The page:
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Alabama coach Saban retiring after winning seven national titles

NCAA Football: Alabama at Auburn
NCAA Football: Alabama at Auburn

Nick Saban, the stern coach who won seven national championships and turned Alabama back into a national powerhouse that included six of those titles in just 17 seasons, is retiring.

The 72-year-old Saban restored a Crimson Tide program once ruled by Paul “Bear” Bryant to the top of college football after taking over in 2007. His decision to step away was reported Wednesday, first by ESPN and then by other outlets.

Saban led the Crimson Tide from a shaky start this season to a Southeastern Conference championship and back into the College Football Playoff before falling to Michigan in a semifinal game at the Rose Bowl.

Saban led the Tide to nine Southeastern Conference championships and won his first national title at Alabama with a 14-0 season in 2009. Titles came again in 2011, 2012, 2015, 2017 and 2020. Alabama was always a contender but had fallen short of the title since then.

Saban is famed for his sideline scowl and fiery demeanor -- and for winning. Saban has won more national titles than any other major college coach.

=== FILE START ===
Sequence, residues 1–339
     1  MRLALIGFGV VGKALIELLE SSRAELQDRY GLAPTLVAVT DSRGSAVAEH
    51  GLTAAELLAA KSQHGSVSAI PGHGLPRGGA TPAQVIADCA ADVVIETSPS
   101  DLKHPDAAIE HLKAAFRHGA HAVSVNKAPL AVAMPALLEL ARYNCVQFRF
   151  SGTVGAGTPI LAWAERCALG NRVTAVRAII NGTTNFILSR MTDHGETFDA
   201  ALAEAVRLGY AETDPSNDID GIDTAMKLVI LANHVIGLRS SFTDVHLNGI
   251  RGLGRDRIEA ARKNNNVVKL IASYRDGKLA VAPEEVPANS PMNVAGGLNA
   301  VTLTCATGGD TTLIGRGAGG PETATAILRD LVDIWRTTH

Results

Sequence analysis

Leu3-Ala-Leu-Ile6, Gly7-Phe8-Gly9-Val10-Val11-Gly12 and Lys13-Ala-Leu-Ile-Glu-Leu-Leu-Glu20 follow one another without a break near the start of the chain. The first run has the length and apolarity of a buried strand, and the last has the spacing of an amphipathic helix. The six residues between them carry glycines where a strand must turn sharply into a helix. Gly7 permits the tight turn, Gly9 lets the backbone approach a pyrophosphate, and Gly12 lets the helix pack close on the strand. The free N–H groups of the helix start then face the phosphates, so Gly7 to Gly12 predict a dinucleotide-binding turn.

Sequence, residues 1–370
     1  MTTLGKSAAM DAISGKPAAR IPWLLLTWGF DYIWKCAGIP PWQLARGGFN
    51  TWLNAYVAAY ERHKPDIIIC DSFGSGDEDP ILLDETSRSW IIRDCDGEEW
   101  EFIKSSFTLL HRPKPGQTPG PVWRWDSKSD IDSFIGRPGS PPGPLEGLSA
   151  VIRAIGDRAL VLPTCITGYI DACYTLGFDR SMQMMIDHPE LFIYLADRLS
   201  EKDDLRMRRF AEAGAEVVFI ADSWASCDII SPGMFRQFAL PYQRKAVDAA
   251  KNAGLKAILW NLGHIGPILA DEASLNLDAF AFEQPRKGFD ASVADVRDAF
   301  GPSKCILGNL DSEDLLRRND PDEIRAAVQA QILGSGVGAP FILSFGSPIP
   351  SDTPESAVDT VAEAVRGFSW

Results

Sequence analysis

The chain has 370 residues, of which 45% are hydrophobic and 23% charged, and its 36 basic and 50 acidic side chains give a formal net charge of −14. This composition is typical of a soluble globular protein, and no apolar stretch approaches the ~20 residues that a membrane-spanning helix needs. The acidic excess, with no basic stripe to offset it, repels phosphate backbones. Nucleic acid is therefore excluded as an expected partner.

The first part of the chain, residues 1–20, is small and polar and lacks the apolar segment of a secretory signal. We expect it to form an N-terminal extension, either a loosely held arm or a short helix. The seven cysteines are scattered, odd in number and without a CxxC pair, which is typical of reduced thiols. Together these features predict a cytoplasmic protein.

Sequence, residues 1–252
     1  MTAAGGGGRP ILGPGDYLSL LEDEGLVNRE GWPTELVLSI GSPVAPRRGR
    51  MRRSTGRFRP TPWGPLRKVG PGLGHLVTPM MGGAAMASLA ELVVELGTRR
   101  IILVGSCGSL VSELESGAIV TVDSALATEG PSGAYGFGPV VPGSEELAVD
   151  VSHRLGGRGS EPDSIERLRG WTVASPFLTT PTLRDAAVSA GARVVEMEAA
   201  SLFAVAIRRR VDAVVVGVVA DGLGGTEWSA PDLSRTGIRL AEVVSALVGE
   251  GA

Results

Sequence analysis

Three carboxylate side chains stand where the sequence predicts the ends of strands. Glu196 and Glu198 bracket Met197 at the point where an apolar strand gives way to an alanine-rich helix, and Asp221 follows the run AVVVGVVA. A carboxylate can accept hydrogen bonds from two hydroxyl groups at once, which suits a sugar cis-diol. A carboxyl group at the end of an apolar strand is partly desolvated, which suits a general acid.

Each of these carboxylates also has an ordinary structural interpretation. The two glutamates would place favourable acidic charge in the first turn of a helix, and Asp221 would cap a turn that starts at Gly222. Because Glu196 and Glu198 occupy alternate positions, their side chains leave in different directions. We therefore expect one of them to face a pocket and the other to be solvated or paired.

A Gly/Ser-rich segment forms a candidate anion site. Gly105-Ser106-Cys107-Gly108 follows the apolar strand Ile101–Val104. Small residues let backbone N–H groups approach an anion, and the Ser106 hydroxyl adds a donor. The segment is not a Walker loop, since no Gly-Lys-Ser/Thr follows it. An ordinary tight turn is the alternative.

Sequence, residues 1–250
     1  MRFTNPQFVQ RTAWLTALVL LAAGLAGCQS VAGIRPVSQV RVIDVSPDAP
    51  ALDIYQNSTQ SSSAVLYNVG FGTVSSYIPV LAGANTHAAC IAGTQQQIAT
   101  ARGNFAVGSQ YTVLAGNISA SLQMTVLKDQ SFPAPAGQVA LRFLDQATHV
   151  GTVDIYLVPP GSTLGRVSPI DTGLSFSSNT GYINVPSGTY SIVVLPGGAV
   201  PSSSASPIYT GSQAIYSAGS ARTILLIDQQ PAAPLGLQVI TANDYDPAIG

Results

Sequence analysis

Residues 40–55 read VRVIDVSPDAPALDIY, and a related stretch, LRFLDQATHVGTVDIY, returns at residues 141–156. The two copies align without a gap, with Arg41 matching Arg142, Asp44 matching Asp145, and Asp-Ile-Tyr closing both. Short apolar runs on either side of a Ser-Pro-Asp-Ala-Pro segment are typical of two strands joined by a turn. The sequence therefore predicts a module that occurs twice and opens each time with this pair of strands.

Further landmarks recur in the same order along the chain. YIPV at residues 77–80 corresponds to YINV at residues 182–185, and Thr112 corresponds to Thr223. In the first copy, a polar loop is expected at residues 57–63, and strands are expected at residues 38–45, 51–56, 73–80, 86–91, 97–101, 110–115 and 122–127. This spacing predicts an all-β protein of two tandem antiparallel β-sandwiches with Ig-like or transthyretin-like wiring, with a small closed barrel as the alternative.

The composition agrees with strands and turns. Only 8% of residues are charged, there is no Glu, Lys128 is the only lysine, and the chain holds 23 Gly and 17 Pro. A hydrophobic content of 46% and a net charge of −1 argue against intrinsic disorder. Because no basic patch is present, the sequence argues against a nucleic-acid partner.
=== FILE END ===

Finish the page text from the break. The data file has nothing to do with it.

He made a two-year foray into the NFL with the Miami Dolphins before returning to college football to revive one of college football’s most storied programs, which hadn’t won a national title in 15 years. Saban is 297-71-1 as a college head coach, with stops at Toledo, Michigan State and LSU, where he also won a national title. But Alabama is where he cemented his status as one of college football’s greatest coaches.

His latest team dealt with plenty of adversity early on, including a loss to Texas, but rebounded with the emergence of quarterback Jalen Milroe to upset then-No. 1 Georgia in the SEC Championship Game.

Saban didn’t sound like a coach looking to give up the job any time soon after the game. But it wasn’t a bad way to go, even without the title.

“This is one of the most amazing seasons in Alabama football history in terms of where this team came from, what they were able to accomplish and what they were able to do, winning the SEC Championship, and really, really proud of this group,” he said.

“I just wish that I could have done more as a coach to help them be successful and help them finish, and all we can do now is learn from the lessons that sometimes failings bring to us.”